• Positive learning attitudes and persistence are considered virtues

Human perfectability

  • Everyone can become a sage through sufficient effort and hard work
  • The role of effort and will power are highly emphasized
  • The role of ability is down-played as it can be overcome by sufficient effort and willpower
  • Significance of the environment and education that is provided in the process of personal development matters most

Paradox of Chinese Learners:

A series of Western-based studies suggests that deep approach to learning, the intention to understand, ability to inquire, and to relate newly-learnt materials to oneself all relate to better learning outcomes.


Under this Western lens, Chinese Learners are thought to be good at rote learning and memorization, rarely actively seek meaning and inquire in classroom setting, and therefore may not be able to have high quality learning outcomes or performance.


However, according to empirical research, Chinese learners consistently scored high on the use of deep approach to learning, display good subject-matter understanding, and demonstrated strong academic performance in cross-national studies, which all contradict the previous assumptions of Chinese Learners, therefore, this phenomena is known as ‘paradox of the Chinese learners’ (Biggs & Watkins, 1996).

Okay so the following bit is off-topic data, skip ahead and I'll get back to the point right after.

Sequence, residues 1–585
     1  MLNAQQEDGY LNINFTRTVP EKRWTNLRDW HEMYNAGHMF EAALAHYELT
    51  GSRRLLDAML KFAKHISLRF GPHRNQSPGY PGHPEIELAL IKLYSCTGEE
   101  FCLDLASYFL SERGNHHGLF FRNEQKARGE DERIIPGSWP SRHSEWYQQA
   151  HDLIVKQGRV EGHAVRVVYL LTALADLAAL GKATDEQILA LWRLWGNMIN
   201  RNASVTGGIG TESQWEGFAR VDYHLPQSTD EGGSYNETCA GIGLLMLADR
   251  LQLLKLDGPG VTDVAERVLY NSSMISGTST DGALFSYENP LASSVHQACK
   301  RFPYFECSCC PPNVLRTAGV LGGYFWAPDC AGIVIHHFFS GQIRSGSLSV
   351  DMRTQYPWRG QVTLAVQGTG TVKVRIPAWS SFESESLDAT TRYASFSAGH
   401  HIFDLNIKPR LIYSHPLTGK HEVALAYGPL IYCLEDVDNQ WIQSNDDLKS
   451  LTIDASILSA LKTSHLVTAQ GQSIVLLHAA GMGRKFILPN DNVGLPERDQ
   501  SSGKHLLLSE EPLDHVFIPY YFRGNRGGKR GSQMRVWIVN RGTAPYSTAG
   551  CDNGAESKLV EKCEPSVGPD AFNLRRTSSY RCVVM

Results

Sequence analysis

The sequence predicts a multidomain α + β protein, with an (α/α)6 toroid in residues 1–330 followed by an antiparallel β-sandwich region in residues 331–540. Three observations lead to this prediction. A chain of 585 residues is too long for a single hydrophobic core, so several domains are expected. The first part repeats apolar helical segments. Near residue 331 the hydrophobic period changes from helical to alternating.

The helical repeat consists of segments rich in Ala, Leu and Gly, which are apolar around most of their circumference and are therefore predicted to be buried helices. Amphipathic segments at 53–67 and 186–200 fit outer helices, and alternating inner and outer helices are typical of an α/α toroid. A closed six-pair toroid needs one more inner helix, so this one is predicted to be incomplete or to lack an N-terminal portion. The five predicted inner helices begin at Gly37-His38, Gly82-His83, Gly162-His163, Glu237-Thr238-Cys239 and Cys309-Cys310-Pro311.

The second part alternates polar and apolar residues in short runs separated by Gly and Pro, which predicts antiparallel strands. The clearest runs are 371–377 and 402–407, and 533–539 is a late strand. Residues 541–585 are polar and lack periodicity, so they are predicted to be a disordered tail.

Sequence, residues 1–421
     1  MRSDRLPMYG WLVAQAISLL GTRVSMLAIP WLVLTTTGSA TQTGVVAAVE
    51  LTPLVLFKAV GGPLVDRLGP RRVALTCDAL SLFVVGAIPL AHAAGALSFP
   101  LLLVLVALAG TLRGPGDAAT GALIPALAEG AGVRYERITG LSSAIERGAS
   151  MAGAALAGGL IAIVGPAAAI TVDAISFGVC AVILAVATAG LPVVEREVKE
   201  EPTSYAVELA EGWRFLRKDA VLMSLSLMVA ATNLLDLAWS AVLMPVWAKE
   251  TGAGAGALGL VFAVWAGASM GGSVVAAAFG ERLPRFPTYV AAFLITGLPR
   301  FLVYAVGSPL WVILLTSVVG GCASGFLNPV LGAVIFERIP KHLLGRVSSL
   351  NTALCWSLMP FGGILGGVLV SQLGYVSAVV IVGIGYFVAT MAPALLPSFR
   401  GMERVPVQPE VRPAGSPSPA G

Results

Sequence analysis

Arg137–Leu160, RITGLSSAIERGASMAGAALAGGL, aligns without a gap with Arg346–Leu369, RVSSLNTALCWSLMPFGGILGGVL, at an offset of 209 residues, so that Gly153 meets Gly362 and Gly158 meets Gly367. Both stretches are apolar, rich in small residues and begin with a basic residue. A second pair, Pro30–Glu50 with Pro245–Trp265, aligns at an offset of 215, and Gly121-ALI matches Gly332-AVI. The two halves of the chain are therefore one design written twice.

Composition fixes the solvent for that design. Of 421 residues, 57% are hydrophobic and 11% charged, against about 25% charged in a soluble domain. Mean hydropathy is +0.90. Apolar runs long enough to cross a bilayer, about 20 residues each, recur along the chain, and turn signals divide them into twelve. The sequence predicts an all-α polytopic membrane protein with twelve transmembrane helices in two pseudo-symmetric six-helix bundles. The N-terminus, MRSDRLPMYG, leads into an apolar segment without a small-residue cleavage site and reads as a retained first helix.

Unveiling the Paradox of the Chinese Learners:


With the paradoxical phenomena found among Chinese learners, researchers suspected that the dichotomies (deep approach to learning vs. surface approach to learning; understanding vs. memorization; competition vs. collaboration) used to explain students’ learning and attainment may hold different meaning among Chinese students. The following findings may shed light on our understanding of Chinese students’ way of thinking:


  • Surface vs. Deep: It was found that Chinese learners use deep and surface approach simultaneously to address both learning and examination needs, or adapt to novel demands (Biggs & Watkins, 1996).


  • Memorization vs. Understanding: It was found that Chinese learners use rote with a very different meaning in language learning. In particular, they explained that the use of memorization is a means to achieve understanding; and at the same time they acknowledged that understanding can facilitate their memory on information. Furthermore, memorization and the other higher order cognitive processes are considered integrated and recursive for achieving deep learning(Marton et al, 1996; Marton et al, 2005).